I’ve always been someone who has taken the mickey out of “tri geeks”.
When I first got into tri and joined TFN tri club in Nottingham I thought they’d be a bunch of lean mean machines obsessed with heart rates and training zones and calories. In fact that couldn’t be further from the truth. They’re a bunch of party loving, pie loving, beer drinking, fun loving socialites whose idea of a good training session is one which ends in the pub. And that’s how I started to love tri so much.
A few years down the line and I’m the one who’s morphed into a ‘bit’ of a tri geek. Though, when it comes to training I’m pretty unscientific. I train according to feel, not heart rate or power. I eat well but don’t follow a silly fad diet. I’ve never had any physiological testing done. And I’ve always teased anyone who trains obsessively with a power meter on the bike.
However, two things have happened recently that have made me realise that geek habits may help you train smarter.
Firstly, I am now in possession of a Quark powermeter with SRM cranks courtesy of my fantastic sponsor Chain Reaction Cycles (name drop I know but it’s an amazing bit of kit!) Will this revolutionise my bike training? Too early to say but I can see how it will become addictive…. At the moment I’m riding blind and collecting data, but for someone who struggles to work hard without direct competition, knowing much power I’m producing will be an invaluable tool to help me push myself racing and training. Plus, there will always be a slight compulsion to push myself to chase power PBs in training sessions.
Boys, I can now join in the Watt chat.
Secondly, I spent a morning at the GSSI in Loughborough this week undergoing a barrage of physiological tests. The VO2 max test was hard but by far the hardest part was getting there fasted and caffeine free! James Carter and Ian Rollo who run the lab there couldn’t have been more friendly and helpful, and I’ve come away with a wealth of data which I can use to help target my training a bit more specifically. Another step up the tri geek ladder, but one well worth climbing I reckon. Thanks!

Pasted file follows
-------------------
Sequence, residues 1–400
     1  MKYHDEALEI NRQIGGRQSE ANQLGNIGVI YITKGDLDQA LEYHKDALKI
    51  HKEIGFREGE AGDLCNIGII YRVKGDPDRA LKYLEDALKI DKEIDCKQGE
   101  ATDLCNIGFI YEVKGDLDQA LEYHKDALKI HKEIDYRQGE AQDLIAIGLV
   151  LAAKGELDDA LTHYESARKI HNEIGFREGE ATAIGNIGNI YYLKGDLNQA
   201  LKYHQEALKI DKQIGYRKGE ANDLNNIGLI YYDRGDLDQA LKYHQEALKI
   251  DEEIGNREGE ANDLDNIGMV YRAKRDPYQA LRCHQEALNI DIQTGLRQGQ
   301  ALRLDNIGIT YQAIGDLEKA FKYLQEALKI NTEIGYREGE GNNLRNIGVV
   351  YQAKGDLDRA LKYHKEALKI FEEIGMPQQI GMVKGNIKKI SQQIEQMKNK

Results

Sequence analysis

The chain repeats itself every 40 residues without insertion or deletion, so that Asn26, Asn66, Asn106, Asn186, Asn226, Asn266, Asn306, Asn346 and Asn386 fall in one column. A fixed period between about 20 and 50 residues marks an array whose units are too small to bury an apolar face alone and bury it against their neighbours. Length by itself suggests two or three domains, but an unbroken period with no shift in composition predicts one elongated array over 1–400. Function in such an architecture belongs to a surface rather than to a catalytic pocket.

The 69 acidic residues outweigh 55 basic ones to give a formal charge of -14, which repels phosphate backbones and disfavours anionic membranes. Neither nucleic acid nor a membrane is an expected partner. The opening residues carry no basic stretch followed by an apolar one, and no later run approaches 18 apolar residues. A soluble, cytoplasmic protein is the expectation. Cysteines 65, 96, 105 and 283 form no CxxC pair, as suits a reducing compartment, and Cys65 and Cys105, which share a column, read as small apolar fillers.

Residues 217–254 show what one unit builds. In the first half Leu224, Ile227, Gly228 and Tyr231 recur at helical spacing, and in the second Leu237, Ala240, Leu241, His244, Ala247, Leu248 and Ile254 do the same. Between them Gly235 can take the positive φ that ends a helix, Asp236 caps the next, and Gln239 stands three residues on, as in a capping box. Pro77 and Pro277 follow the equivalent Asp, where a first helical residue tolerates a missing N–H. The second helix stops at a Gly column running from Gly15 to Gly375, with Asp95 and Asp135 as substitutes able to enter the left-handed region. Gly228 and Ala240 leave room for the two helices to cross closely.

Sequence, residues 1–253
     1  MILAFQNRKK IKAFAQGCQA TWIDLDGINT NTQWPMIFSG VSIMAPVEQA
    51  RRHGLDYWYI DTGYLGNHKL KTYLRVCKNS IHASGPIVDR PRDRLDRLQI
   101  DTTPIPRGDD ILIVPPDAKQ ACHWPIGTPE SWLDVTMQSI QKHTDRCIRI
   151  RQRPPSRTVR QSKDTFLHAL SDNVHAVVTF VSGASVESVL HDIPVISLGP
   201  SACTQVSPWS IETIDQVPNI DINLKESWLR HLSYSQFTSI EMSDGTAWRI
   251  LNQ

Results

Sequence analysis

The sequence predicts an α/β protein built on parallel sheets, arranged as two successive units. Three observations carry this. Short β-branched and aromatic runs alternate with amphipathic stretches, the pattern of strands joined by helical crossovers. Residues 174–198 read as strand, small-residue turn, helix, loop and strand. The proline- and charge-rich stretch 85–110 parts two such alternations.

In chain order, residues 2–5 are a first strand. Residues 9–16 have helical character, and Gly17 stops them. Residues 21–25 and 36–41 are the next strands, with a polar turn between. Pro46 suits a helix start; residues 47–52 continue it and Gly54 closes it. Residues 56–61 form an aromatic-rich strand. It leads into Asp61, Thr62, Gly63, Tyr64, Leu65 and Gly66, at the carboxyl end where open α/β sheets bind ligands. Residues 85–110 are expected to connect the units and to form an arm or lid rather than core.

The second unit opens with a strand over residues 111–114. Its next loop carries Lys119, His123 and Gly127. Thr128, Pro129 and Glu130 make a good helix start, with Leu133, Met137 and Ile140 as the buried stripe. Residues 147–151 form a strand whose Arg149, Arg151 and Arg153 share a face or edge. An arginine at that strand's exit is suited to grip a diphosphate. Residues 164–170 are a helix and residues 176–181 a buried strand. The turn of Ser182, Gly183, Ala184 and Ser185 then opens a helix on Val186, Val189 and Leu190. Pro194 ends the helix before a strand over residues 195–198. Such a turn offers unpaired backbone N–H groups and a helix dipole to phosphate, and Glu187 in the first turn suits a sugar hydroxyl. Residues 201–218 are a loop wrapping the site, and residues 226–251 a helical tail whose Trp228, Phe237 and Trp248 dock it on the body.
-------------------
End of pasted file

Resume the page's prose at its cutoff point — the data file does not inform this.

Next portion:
To balance things out I took a step off the ‘pro’ triathlete ladder last weekend by heading up to Nottingham for my annual pilgrimage to the Outlaw, one of my favourite tri weekends of the year. Helen Gorman and I have been in a relay team together each year since the Outlaw started (we’re taking applications for 2014’s runner now…..) and it’s a race I love. I love seeing so many friends and newbies complete an ironman. I love being part of such an iconic race without the stress of ‘racing’ it properly. And I love the fact the bike course goes right past my parent’s house. There’s something somewhat surreal about racing around the local lanes I used to ride on as a child.
This year I simply rode the bike at perceived Ironman effort; with the Gormanator doing the swim and coming out very near the front of the field, it’s always a bit of an eye-opener for me as it’s the only time I ever learn what it would be like to be a good swimmer. Lonely on the bike at the front of the race!
5 hrs pedalling and 2 guys overtook me, I passed 2 guys and rode with 1 guy for 20 mins who then dropped back. Other than that I saw no-one – other than mum and dad tooting their horn on the Harley….. Anyhow, good mental training for me to ride reasonably hard on my own as I normally thrive on chasing people down to push me. An excellent kick start to Ironman training, followed by a very fun afternoon eating ice-cream in the sun watching those brave enough to race the whole thing push themselves through a marathon. It was a very pleasant and unexpected surprise to win the whole event as the Cancer Research UK relay team so thanks to everyone who donated money to such a worthy charity on our behalf. Pretty perfect Sunday really….
Congrats to everyone who finished. It was a hot day to be running a marathon!